What would this soggy stranger think, if we told him that we were regaining our freedom with those ten pieces of bread?

Yet, it is actually true.  The night of bedikas chumetz,  like every other meaningful event in life has three components, the person, that is ourselves,  place and time.  The Creator is referred to as (HaMakom) the Place, because there is no place devoid of His Presence.  However (Hashem) G-d has made room for us and allows us and our possessions to exist in His world. When we do bedikas chumetz, we are proclaiming that  it is His world and we are his invited guests.  When we accept this upon ourselves and fulfill the commandment that requires us to relinquish even a kosher, ordinarily permissible possession , that is when we begin to taste freedom.  This is because it is difficult to pull away from the lures of this world which can enslave us, and addict us and remove our freedom of choice. But when Hashem directs us to do so, and we comply, He provides us with the ability to let go.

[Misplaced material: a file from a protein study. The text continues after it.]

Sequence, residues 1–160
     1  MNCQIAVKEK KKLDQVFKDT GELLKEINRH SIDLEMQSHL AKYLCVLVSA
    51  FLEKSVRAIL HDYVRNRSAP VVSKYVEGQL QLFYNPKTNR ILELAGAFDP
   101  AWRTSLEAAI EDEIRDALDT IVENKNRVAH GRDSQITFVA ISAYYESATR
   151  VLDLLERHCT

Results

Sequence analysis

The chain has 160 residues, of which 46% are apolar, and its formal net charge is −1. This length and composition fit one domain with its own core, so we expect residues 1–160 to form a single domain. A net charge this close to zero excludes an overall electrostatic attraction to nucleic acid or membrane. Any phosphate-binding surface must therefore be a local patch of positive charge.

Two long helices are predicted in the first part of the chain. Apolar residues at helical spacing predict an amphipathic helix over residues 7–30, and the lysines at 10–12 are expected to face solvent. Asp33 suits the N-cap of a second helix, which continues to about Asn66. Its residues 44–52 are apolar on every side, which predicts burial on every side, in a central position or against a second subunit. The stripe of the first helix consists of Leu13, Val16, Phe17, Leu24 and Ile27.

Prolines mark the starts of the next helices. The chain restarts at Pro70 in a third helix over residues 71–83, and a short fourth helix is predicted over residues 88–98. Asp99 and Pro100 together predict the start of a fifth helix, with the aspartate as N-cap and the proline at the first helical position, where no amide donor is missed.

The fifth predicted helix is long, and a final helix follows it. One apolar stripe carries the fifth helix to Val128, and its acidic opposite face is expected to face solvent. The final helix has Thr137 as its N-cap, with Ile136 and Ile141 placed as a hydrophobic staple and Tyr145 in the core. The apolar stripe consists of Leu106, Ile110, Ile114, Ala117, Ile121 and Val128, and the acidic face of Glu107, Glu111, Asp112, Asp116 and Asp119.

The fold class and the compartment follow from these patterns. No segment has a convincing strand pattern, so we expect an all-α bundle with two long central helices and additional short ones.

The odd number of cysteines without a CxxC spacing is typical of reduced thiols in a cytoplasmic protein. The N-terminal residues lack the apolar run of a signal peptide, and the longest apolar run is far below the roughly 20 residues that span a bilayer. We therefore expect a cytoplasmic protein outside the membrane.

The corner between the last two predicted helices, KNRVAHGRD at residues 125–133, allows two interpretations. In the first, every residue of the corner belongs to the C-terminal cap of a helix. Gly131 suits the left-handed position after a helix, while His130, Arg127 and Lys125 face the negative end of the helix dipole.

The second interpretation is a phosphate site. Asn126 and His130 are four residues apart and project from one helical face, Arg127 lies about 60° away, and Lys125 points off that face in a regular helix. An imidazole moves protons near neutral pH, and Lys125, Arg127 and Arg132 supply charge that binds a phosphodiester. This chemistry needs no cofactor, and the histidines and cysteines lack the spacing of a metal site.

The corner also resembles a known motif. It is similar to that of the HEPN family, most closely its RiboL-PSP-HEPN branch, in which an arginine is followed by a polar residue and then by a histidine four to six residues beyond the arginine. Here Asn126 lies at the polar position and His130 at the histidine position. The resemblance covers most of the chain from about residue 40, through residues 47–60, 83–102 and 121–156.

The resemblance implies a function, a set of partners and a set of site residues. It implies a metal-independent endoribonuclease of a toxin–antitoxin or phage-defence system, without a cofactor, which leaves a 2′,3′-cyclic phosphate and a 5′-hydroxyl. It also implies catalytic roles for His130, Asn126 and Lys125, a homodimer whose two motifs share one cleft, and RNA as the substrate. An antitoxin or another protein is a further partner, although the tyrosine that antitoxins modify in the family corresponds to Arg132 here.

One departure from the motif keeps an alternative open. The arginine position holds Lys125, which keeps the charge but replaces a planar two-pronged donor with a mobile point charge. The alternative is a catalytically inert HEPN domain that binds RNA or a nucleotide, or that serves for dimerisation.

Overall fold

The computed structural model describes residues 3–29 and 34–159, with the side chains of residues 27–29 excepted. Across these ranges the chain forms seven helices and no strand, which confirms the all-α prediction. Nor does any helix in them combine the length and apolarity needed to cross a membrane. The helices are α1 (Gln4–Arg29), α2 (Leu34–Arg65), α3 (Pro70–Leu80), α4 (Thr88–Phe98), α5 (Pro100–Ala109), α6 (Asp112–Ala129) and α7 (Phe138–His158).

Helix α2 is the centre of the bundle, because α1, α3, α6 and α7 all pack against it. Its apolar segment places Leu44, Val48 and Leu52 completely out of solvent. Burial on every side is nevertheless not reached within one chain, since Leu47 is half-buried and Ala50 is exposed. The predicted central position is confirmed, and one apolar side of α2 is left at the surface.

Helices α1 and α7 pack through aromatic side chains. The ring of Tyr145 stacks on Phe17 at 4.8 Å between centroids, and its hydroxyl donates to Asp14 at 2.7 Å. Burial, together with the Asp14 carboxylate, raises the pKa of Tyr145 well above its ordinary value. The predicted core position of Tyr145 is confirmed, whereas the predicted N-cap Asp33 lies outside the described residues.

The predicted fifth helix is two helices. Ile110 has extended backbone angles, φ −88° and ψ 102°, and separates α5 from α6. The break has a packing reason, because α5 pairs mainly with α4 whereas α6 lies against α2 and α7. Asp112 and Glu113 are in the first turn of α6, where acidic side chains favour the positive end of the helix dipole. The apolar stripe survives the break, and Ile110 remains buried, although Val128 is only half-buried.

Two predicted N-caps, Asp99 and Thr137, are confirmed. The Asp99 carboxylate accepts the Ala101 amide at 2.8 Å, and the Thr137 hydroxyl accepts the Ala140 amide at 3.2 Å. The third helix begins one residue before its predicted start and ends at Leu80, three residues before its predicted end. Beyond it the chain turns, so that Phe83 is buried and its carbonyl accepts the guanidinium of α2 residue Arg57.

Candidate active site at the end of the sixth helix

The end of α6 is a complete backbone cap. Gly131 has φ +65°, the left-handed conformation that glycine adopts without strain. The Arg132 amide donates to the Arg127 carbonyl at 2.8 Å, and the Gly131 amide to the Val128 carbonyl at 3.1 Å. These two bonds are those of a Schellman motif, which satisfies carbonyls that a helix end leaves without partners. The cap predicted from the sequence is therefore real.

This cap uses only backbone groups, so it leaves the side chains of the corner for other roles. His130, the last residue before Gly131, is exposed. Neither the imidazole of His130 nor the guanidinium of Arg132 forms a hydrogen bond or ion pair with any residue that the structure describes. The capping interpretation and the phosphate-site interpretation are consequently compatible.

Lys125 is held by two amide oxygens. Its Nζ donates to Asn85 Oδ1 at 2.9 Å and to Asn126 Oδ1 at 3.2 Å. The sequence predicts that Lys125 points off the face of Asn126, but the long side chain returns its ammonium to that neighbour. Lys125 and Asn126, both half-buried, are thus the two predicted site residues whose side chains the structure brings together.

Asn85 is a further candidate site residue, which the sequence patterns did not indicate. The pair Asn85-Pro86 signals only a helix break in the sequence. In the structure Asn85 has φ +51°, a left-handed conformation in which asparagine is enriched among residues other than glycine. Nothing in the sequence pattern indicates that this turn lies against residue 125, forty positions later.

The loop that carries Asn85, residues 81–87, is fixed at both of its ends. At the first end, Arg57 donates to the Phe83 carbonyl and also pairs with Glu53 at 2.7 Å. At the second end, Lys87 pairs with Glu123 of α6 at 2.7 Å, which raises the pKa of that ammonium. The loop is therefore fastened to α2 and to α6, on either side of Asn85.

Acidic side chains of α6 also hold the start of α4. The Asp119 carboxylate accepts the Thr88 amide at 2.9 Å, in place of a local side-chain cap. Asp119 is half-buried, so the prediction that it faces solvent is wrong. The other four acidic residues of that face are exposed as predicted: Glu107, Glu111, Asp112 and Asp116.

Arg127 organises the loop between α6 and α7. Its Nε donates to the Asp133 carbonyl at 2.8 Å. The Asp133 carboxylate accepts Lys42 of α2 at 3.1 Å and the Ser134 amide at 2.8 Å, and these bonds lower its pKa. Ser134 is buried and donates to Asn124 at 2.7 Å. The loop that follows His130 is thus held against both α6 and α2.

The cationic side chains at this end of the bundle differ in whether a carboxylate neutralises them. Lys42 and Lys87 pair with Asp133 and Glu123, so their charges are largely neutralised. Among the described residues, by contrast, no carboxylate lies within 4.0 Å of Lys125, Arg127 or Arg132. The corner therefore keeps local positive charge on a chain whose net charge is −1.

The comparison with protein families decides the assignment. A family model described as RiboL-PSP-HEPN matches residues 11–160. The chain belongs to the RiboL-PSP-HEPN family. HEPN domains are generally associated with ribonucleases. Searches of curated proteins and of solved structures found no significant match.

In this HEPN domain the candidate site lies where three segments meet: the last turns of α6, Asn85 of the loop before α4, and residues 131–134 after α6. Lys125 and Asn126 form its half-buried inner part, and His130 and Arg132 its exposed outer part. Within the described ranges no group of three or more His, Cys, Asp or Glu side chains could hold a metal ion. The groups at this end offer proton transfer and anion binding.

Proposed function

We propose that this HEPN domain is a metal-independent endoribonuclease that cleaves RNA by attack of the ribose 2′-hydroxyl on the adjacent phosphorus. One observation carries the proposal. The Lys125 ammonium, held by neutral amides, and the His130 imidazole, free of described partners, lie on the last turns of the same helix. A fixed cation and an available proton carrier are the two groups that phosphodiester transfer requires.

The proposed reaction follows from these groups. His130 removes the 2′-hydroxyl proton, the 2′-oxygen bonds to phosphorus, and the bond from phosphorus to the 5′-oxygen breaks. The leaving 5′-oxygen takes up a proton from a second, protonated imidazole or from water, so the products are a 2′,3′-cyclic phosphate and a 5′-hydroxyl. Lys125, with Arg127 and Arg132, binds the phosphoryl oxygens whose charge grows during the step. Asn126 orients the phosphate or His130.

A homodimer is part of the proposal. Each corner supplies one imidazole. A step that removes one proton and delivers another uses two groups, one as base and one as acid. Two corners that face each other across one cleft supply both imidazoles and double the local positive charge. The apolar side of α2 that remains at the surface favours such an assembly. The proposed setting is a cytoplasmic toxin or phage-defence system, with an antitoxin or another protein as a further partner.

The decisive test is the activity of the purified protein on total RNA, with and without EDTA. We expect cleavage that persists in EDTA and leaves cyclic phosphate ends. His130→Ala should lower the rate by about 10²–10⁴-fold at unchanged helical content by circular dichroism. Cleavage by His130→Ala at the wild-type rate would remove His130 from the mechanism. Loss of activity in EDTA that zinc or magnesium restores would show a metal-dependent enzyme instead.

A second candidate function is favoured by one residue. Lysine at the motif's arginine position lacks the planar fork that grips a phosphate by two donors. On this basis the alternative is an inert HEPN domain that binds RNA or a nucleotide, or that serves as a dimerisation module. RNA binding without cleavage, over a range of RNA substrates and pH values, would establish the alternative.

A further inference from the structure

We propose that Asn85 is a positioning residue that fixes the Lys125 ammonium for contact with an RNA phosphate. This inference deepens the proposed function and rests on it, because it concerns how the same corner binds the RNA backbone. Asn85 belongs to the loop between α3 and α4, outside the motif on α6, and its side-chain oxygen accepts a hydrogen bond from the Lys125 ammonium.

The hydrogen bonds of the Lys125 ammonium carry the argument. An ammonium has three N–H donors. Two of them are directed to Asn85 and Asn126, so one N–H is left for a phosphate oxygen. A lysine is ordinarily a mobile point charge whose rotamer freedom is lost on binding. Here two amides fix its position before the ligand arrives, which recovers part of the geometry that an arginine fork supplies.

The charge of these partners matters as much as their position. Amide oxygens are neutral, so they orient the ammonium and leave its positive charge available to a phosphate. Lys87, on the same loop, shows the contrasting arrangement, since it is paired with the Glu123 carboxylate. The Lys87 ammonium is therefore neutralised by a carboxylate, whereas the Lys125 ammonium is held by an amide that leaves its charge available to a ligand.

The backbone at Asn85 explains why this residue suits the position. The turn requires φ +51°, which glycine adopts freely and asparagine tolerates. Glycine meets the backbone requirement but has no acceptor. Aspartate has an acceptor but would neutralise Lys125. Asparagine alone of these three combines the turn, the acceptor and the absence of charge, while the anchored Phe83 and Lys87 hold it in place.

The third component of this event is time which  plays the major role in our Pesach preparations.  It is only time that separates chumetz from matzah, for they both start with the same ingredients, flour and water.  Chumetz, leaven, is created through a process of fermentation that causes pockets of air to form in the flour and water mixture, expanding the dough and making it grow large.  Like dough, egos can also be inflated.  The leavening agents can be power, vanity or fame, together with the flattery that catalyzes them into a bubbling brew that pumps up our sense of self importance. One extra moment can mark the difference between leavened and unleavened –one moment can be enough to transform  the mixture of flour and water from permissible matzah into forbidden chumetz. And it only takes but a moment of time for us to feel achieved and

congratulate ourselves for our accomplishments, thus improperly taking personal credit for that which Hashem has given to us.


So as we make our bedikas chumetz or any other mitzvah, we should try to do so with the un-self conscious innocence, inspiration and joy of a child.